The Narrative Lectionary, as mentioned before, also turns to the Ten Commandments, this time in Deuteronomy 5:1-21. Moses reminds the people of the covenant made by God at Horeb, remembering God’s words to the people. Moses also recalls how the people were afraid of God, so Moses stood between God and the people and received the words from God directly. In 6:4-9, Moses gives what is known as the Shema, the call to prayer, the commandment to love God with all one’s being. These words are to be recited and remembered, passed down and kept at the forefront of one’s mind always.

In the supplementary verses of Mark 12:28-31, Jesus was debating with other rabbis, and a scribe who recognized that Jesus responded well asked the question of which was the greatest commandment. Jesus responded with the Shema, the call to prayer.

What is at the heart of who we are? Is it our identity as God’s child, as God’s people, as God’s community? Or is it what others think of us, what other nations think of us, what the world thinks of us? The leaders of Judah were more enthralled with the practices of other nations, the worship of other gods and making political alliances that were good for them but not for the most vulnerable among them, than they were about following God’s ways. Jesus’s own parable speaks to what happens when people want power for themselves instead of looking to God as the authority and power. Paul reminded the people that it wasn’t what people thought of him from his background or profession or even his social position that was important, it was that he understood Christ’s suffering in his own suffering. He understood the promise of resurrection as a hope yet unattained because he himself had been imprisoned, perhaps close to death. The commandments, both given soon after entering the wilderness and again before the people entered the Promised Land, reminded the people of what was most important: remembering that God was with them, the same God who liberated them, and that there was no other God who would do this. There was no other God who was their God, who knew them and loved them, and this God also taught them how to live as a people with one another. The heart of who we are is our love for God, and our love for one another—not what anyone else, or the whole world, thinks about us.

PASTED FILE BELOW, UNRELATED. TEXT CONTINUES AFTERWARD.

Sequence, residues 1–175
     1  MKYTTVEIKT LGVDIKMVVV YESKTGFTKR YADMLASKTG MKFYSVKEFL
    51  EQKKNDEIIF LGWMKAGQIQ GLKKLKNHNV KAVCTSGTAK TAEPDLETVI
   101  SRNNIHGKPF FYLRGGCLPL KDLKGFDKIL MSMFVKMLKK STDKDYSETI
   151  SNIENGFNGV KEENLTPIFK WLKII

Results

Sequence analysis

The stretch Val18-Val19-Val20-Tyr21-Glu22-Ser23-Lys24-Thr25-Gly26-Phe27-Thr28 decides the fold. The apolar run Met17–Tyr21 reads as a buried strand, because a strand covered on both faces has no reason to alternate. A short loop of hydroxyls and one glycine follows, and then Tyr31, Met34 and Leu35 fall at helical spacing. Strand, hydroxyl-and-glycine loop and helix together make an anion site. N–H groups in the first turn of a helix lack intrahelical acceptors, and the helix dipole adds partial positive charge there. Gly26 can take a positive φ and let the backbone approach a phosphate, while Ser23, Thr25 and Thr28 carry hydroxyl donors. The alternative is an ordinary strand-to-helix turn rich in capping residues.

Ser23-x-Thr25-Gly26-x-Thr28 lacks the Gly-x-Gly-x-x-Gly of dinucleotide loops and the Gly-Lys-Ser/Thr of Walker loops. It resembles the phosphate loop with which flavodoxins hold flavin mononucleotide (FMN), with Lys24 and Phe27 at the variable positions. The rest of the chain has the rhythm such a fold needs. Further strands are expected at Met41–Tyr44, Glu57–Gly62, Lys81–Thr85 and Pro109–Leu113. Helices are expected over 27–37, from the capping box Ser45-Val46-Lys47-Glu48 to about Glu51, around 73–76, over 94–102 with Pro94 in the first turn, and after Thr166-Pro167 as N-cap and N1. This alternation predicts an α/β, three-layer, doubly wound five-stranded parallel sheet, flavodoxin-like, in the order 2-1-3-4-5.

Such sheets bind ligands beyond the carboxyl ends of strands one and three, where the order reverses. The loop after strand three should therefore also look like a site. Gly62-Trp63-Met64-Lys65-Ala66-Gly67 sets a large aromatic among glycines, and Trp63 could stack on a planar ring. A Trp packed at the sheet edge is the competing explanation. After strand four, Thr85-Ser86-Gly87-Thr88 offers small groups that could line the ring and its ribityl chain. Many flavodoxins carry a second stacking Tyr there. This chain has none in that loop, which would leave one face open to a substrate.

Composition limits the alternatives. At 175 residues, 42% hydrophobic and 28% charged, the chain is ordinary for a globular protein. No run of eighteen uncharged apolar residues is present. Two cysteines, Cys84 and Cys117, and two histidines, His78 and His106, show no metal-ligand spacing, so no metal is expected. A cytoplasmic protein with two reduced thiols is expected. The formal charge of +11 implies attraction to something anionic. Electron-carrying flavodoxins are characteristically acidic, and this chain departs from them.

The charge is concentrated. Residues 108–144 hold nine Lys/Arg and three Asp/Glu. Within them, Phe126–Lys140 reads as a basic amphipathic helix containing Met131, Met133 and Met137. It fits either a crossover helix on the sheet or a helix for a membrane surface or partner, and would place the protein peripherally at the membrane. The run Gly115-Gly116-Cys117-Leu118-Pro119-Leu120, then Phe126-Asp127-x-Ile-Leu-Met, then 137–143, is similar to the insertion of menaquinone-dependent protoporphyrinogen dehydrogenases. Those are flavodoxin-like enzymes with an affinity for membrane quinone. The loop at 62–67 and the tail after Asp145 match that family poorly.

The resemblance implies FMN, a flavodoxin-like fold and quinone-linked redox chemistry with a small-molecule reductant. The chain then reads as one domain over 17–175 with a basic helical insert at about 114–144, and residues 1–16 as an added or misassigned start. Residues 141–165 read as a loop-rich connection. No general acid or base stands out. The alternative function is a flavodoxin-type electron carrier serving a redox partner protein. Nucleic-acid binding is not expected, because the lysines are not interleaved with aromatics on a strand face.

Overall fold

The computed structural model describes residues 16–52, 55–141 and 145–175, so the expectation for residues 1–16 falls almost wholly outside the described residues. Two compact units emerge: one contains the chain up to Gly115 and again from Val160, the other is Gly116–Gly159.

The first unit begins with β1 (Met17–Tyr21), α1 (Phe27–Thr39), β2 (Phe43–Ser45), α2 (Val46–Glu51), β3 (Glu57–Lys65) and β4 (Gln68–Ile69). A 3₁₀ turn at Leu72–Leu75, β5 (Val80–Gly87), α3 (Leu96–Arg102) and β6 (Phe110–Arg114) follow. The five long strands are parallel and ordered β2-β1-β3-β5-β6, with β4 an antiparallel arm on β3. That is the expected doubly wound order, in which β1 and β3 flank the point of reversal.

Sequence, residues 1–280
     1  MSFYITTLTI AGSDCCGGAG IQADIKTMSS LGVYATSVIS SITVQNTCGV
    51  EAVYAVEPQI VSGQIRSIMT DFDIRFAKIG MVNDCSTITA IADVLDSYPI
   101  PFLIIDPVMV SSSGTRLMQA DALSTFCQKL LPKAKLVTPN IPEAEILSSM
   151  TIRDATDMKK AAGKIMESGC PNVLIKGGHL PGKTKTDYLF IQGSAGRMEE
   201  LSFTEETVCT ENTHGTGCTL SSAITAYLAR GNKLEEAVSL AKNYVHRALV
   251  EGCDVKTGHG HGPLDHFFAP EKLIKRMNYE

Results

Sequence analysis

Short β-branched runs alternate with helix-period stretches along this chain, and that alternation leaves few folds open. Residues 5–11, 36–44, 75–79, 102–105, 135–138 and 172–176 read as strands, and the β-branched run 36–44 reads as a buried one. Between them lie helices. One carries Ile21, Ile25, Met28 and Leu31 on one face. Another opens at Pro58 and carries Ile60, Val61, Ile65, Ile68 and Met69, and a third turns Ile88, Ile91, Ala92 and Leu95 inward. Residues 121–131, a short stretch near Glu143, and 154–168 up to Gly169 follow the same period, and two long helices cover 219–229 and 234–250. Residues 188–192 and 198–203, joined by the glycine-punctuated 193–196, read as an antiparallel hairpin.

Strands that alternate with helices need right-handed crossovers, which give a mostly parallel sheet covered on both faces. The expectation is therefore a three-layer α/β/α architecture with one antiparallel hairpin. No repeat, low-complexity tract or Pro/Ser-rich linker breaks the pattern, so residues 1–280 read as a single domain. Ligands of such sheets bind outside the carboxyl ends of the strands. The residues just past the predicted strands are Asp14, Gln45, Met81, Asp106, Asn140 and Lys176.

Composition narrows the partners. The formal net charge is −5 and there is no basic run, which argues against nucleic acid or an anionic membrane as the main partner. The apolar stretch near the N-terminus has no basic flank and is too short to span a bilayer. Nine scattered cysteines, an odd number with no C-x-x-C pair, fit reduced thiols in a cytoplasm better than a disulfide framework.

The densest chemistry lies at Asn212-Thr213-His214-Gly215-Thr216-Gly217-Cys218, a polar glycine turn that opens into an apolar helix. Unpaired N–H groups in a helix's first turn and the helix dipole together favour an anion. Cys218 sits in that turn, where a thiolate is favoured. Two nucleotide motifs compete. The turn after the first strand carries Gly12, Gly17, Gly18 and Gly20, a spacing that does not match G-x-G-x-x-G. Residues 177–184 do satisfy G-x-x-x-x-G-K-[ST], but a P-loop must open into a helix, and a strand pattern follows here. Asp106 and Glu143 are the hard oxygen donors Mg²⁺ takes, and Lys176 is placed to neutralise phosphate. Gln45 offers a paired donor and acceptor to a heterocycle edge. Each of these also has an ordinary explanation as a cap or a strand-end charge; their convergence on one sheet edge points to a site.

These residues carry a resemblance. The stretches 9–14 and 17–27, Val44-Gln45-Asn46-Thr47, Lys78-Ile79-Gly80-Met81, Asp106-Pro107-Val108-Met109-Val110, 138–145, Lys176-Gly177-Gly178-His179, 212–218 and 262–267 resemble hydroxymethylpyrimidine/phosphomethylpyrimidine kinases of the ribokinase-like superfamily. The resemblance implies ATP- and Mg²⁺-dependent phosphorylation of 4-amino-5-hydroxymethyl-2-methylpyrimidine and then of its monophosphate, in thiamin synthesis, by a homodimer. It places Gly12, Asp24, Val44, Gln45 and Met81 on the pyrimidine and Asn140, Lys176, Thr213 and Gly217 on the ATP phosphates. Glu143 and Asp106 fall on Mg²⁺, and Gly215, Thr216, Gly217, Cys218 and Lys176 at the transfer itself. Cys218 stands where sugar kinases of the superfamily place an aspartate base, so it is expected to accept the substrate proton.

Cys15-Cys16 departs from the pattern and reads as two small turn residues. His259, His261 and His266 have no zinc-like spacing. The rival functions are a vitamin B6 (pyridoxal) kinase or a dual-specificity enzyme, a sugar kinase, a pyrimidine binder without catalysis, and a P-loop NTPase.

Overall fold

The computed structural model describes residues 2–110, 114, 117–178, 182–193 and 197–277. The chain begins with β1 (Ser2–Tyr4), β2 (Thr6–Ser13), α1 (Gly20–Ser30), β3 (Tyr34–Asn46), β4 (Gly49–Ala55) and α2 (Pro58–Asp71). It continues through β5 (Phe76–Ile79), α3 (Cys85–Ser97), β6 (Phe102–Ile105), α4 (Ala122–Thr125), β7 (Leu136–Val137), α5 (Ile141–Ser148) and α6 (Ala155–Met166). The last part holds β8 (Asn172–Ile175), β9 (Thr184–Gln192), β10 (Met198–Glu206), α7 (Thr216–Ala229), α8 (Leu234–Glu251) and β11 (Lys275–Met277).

Call to Worship
God is calling you by name; what is your response?
I am God’s beloved child, and I will follow.
God is showing us the way; what will you choose?
I choose the path of God’s commandments and teachings.
God’s reign is being prepared for you; what will you do?
I will live into God’s reign on earth as it is in heaven.
In this time of worship, what is your answer to God?
In my breath, in my song, in my silent prayer,
My whole being responds to God’s call through Jesus Christ our Lord.

Prayer of Brokenness/Confession
Almighty Creator of All, we confess that You have shown us through our ancestors, through our Scriptures, throughout all history and tradition that You are with us and have prepared a way for us, but we have rejected You and Your ways. We seek the ways of the world we have made: we seek notoriety, wealth, power, and security. These false idols have led us away from serving our neighbors in need, taking notice of the most vulnerable, and instead oppressing those who are different and choosing violence over love. Call us away from the false idols of the world we have made and lead us into Your way of justice, mercy, and love. In the name of Christ we pray. Amen.

Psalm 80:7 reads, “Restore us, O God of hosts; let your face shine, that we might be saved.” May we seek to repair and restore as God restores us. As we pursue justice, may we live into God’s ways of justice. As we pursue peace, may God’s peace be made known to us. As we love one another, let us be assured of God’s unending, unmeasurable love for us. You are forgiven, loved, and restored. Go and share the Good News. Amen.

God of Bounty, God of Harvest, in the southern hemisphere the first fruits of spring are about to come forth, and in the north, we give thanks for the autumn yield. We thank You for sunlight and rain, the good earth and the wind that brings down the leaves and cones and seeds for the future. You have provided for all living things. Help us, O God, to remember this sacred charge to leave enough for the future, to take only what we need, to make sure others have enough for this generation and for the ones to come after. Guide us away from harmful practices to become better stewards of the earth. Raise our voices against corporations and leaders whose greed continues to damage and destroy. Turn us all from evil toward Your good earth, and teach us how to live into Your intention, from the first chapter of Genesis, from the first breath of air: to care for the earth and all of creation the way You care for us. Great Creator, we pray in Your name for all things and give thanks in all seasons. Amen.

Leave a Reply

Your email address will not be published. Required fields are marked *

This site uses Akismet to reduce spam. Learn how your comment data is processed.